The state-run Solar Energy Corporation of India (SECI) is planning to set up a 2,000 MWh standalone energy storage system, which will be run by the private sector. The projects will be set up on a build-own-operate (BOO) basis with a 25-year agreement. India announced renewable energy targets of 175 GW by 2022, 275 GW by 2027, and 450 GW by 2030. Experts said the capacity value of these variable renewable energy sources is limited without grid-scale energy storage.

Experts estimated the cost for storage at $203/kWh in 2020, which they expect to come down to $134/kWh in 2025.

Indian Oil to build India’s first green hydrogen plant at Mathura refinery

The state-owned Indian Oil Corporation Limited said it will build India’s first ‘Green Hydrogen’ plant at its Mathura refinery. The Indian Oil chairman said the company will use power from its wind power project in Rajasthan, to produce green hydrogen through electrolysis.

The company said Mathura has been selected because of its proximity to Taj Mahal. The green hydrogen will replace carbon-emitting fuels used in the refinery to process crude oil into petrol and diesel. Mercom reported that the company wants to sensitise people about protecting the monument from pollution. The firm will likely utilise green power from the grid to power the project, thereby decarbonising some parts of the manufacturing.

Manufacturers of off-grid solar products warn of 12-18 months disruption

A survey of over 30 manufacturers of off-grid solar products such as solar TVs, fridges, water pumps and lanterns warned that the disruption caused by material shortages and raised shipping costs could continue throughout next year. The survey was conducted by Netherlands-based off-grid solar body GOGLA. 

Manufacturers were mostly troubled by the global shortage of chipsets and controllers–which feature in inverters. The respondents to the GOGLA survey also mentioned rising prices of polysilicon affecting solar panel production costs and rising copper prices driving up the cost of cabling, PV magazine reported.

Uttarakhand to make solar panels mandatory for homes 

Uttarakhand is set to make it mandatory for residents to produce their solar power and rainwater harvesting plans while seeking clearance for their house maps. Impacts of climate change and depleting water levels have pushed the state to introduce the norms, ET reported. 

While the state generates power from solar, hydro and thermal sources, it continues to buy electricity from other states. The state’s environment directorate wants to end this dependence. Uttarakhand has 295 MW installed capacity of domestic solar power plants, which includes both domestic as well as ground mounted solar plants.

India’s share of renewable power capacity, including large hydel projects, rises to 39% 

The Centre told Parliament that India’s renewable energy capacity, including under installation projects, stood at almost 97 GW (gigawatts) as of June 30. This does not include large hydel projects, which are also categorised as renewable. According to a report by ET, as on June 30, the total non-fossil fuel based generation capacity stood at 150 GW, which is 39% of the total installed capacity. This will help the country surpass its nationally determined contribution (NDC), according to which 40% of India’s generation capacity was to be non-fossil fuel based by 2030, the newspaper reported.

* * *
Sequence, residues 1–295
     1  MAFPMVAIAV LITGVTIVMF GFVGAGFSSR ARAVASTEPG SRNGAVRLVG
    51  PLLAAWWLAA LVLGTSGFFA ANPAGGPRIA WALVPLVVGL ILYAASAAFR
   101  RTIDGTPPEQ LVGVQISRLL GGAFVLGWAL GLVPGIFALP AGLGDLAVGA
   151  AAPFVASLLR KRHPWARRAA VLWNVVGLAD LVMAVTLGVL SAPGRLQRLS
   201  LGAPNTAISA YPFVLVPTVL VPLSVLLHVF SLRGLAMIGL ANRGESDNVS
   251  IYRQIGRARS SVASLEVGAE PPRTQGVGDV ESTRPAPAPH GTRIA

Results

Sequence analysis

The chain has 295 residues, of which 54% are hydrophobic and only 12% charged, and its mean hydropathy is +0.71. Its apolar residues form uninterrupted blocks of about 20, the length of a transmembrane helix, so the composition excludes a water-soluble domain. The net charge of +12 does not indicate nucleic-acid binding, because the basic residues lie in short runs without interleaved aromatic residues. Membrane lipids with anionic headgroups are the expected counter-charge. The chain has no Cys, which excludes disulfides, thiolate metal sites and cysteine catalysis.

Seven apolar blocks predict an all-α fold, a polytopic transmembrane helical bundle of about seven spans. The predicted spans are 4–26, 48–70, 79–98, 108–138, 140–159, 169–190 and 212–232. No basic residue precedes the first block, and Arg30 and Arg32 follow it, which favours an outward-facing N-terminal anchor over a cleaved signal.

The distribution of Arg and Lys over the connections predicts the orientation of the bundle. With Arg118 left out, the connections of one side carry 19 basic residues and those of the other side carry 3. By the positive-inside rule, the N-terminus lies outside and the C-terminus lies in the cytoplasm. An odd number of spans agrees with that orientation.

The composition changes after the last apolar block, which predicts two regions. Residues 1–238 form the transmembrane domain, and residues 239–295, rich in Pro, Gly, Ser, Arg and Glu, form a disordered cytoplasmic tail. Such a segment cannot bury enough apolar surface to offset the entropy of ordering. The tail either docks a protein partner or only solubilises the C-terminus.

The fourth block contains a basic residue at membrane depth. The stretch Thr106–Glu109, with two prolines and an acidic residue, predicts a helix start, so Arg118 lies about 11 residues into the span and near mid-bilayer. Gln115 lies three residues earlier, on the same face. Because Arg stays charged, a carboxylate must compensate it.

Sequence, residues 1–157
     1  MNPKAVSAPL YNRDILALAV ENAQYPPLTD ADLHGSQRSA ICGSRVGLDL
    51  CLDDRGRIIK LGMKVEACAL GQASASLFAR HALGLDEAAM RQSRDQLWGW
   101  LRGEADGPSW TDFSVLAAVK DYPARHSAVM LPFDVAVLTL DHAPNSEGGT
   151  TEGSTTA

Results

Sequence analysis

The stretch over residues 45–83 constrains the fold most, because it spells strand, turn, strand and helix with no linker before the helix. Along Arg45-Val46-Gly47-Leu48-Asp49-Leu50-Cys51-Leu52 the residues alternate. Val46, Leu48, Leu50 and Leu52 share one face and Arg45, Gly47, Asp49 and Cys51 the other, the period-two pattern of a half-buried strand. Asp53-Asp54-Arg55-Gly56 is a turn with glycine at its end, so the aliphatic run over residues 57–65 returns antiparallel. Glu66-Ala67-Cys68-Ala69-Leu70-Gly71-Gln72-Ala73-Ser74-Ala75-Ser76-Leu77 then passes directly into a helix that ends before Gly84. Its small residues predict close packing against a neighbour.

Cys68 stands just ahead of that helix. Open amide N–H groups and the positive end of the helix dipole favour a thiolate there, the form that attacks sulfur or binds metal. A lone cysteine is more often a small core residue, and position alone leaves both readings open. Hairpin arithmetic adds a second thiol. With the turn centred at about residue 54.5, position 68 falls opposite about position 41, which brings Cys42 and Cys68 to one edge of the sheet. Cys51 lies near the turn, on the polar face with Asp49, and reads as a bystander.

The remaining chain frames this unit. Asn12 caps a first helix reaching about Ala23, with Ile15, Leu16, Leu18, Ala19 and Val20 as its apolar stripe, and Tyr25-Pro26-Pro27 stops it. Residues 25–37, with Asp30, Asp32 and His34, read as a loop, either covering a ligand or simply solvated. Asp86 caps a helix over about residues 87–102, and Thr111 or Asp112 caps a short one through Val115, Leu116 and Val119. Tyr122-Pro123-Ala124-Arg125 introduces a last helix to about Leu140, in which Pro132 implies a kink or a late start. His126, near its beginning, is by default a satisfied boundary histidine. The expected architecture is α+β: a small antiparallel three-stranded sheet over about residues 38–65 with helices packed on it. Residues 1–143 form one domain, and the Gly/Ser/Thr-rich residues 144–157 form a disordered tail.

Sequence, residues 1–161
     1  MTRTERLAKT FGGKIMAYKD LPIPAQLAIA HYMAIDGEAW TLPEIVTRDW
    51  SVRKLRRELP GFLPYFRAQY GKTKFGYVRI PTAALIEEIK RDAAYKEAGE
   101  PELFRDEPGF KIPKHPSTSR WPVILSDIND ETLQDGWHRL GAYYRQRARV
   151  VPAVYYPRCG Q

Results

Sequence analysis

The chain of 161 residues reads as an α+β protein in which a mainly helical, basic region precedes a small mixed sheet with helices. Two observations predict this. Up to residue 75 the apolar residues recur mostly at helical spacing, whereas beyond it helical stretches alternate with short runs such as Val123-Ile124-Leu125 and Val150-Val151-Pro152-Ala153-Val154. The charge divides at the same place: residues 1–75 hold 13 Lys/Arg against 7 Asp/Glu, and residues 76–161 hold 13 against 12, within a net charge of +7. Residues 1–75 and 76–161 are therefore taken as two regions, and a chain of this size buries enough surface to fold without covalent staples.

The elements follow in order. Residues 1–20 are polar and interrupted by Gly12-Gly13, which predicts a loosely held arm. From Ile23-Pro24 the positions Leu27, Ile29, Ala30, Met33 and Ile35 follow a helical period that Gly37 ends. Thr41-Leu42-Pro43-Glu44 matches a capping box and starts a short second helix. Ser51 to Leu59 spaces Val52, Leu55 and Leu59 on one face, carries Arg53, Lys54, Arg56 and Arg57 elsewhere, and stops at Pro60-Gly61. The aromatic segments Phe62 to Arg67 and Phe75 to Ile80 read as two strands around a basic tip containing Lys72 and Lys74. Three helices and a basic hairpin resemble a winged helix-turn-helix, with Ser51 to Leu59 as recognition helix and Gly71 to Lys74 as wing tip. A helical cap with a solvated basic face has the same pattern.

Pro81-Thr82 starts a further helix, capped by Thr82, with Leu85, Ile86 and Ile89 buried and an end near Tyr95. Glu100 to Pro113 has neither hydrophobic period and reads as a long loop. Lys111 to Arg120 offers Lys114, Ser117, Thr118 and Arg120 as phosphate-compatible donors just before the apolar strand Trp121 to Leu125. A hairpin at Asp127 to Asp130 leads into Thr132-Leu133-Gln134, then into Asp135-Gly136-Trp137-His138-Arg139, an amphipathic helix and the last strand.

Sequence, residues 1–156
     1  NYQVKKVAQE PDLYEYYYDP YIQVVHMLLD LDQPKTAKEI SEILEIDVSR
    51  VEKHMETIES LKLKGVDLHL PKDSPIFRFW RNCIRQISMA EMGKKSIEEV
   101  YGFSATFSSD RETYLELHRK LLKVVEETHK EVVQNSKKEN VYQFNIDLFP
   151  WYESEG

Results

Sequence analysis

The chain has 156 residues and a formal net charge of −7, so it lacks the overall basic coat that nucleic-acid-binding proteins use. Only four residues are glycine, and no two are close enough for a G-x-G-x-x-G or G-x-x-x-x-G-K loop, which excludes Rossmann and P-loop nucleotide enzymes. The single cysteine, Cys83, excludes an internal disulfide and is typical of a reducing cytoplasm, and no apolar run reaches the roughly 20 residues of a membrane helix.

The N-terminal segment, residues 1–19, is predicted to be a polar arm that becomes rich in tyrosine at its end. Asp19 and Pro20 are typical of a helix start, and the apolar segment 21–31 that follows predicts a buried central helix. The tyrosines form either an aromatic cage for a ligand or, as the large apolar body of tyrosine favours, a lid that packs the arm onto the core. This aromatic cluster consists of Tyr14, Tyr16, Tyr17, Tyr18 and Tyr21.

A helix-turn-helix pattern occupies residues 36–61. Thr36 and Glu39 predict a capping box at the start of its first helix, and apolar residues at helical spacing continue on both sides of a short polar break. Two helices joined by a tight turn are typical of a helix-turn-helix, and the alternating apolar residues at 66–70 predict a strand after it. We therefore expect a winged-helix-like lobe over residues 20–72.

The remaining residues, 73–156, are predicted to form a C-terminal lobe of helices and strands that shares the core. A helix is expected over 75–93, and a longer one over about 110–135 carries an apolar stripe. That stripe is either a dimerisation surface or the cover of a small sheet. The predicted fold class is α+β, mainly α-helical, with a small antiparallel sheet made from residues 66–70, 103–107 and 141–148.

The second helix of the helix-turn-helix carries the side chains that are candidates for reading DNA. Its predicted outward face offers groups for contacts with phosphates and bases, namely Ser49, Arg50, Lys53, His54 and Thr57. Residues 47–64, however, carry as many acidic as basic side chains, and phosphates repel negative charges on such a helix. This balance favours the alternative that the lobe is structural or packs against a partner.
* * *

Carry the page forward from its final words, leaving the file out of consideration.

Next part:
Electric Vehicles

Ugly behind the photo-op: Toyota's attempts to sabotage EV sales in the US to somehow gain market share for its hydrogen fuel cell vehicles may extend to other markets | Photo: NBC News

Toyota accused of sabotaging EV sales to shore up hydrogen fuel cells

A shocking new report by the New York Times said that Toyota Motors has been lobbying state governments and politicians in the US to try and stymie the sales of electric cars. It has been doing so as it has poured billions of dollars into developing hydrogen fuel cell-powered cars, in the hope that it would be the dominant technology in the transition to clean mobility. 

However, with the cost of the technology not able to compete with the increasingly more affordable lithium-ion batteries (and some other chemistries), Toyota had resorted to lobbying lawmakers on watering down auto emissions standards, and had been spreading misinformation and doubt about EVs. Known as a FUD campaign — fear, uncertainty, and doubt — it included statements such as, “If we are to make dramatic progress in electrification, it will require overcoming tremendous challenges, including refueling infrastructure, battery availability, consumer acceptance, and affordability”, made to the US senate by the head of energy and environmental research at Toyota Motors North America. Incidentally, Toyota was supposed to stop doing so in January this year, but it hasn’t.

Toyota’s lobbying also went far enough to enlist the support of lawmakers who eventually objected to certifying the last US presidential election results and declare Joe Biden as the winner. Despite all this, sales of plug-in battery hybrids have doubled in the US and 30-40% of customers would now consider buying an EV as their next vehicle. 

India: Rajasthan announces EV policy, no subsidies for electric cars